The Tourism Futures Task Force invested in a worthwhile broad, systemic introspective into the industry. The result is a thoughtful, well researched roadmap, using known and proven frameworks for sustainable development and collaborative partnerships. If, just if we follow it, all of it, we just might move tourism from being yet another extractive industry, to one that can nurture people and environment delivering on our four wellbeings as well as our treaty partnership. We just might be ready (she whispers, very gently).
The task force has challenged the Sir Paul tourism productivity figures quoting a Tourism NZ report – Te Ohanga which puts output per tourism employee in the core tourism business at $201,424 (this compares with the non visitor economy output of $213,278 – so still lower than many sectors). The results aren’t so good for the supporting industries, so many of which are small businesses – these sit at $120,775 per full time employee – this is way too low and will be taking us backwards. However, these measurements are substantially better than those quoted by Paul Callahan – even allowing for the 10 year difference.
So, if the productivity isn’t as bad as it looks, why is more of this income not filtering into our communities? Why do many of our big tourism companies still only pay minimum wage and pat themselves on backs if they pay ‘living wage’ – which frankly, is still minimal if you’re trying to pay a mortgage or rent in this area. The report acknowledges and addresses all this. It talks of inefficient pricing, the need to deliver more income to both local and central government for more distribution to achieve the wellbeings. It talks of misunderstood and irrationally priced supply chains – that is the leases, concessions and other somehow enabled access to the public domain and takes in info from many sources including a lovely piece of qualitative research from Tourism NZ that explores how New Zealanders feel about tourism in their own country.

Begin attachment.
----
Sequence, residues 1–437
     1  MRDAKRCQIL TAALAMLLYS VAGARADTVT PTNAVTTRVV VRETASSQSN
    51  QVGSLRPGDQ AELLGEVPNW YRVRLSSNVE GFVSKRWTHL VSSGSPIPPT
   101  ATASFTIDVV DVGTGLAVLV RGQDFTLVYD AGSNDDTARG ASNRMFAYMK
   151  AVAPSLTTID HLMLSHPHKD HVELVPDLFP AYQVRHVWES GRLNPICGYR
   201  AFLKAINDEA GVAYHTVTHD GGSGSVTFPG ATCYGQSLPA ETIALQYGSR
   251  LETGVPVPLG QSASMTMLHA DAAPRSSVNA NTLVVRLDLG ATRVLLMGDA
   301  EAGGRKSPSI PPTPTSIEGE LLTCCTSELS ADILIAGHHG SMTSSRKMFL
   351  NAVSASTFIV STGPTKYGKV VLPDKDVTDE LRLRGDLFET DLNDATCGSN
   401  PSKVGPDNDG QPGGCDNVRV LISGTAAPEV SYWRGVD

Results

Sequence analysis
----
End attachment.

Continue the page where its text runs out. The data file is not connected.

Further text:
There is a lot I like about the taskforce recommendations, but it will be a hard sell to the short-term-interested companies precisely because it is a systemic approach requiring all identified recommendations to be enacted. And there’s a plausible transition plan.
Simon Upton’s report both informs and fits within the task force report, just as it should in a collective approach.
And the timing just might be right. Elsewhere the thinking is happening. Back to Life is a regenerative tourism course with participation from many of Aotearoa’s Regional Tourism Offices, including the two from our region and some of our council staff. Then there’s other serious restorative activity underway; Mana Tahuna employing people in environmentally restorative activity, WAO Wanaka generating ideas and projects, Wai Wanaka bringing a collective approach to restoring water catchments.
My pessimism dissipated, maybe there is hope afterall?
However, the Task Force is clear that we follow it all, or not at all. But somehow our government has missed that message and has stood down the task force, cherry picking some actions rather than committing to the big, systemic change this industry needs.
Shame. Pessimism returns.
Back to Sir Paul’s exhortations to invest in innovation. Maybe innovation can underpin our tourism industry? Maybe it’s worth investing in tourism instead of houses? I don’t know if any other country has taken such a thoughtful and integrated systemic approach as the tourism taskforce. If they have, world tourism will improve. If they haven’t omg, we’ve got a leap on them. That’s the thing about a systemic approach, win win if you follow it.
My hope now is that the tourism industry itself picks up this report and instigates the actions including pressuring government for the necessary regulatory frameworks. It will need to, otherwise, business as it was will soon return.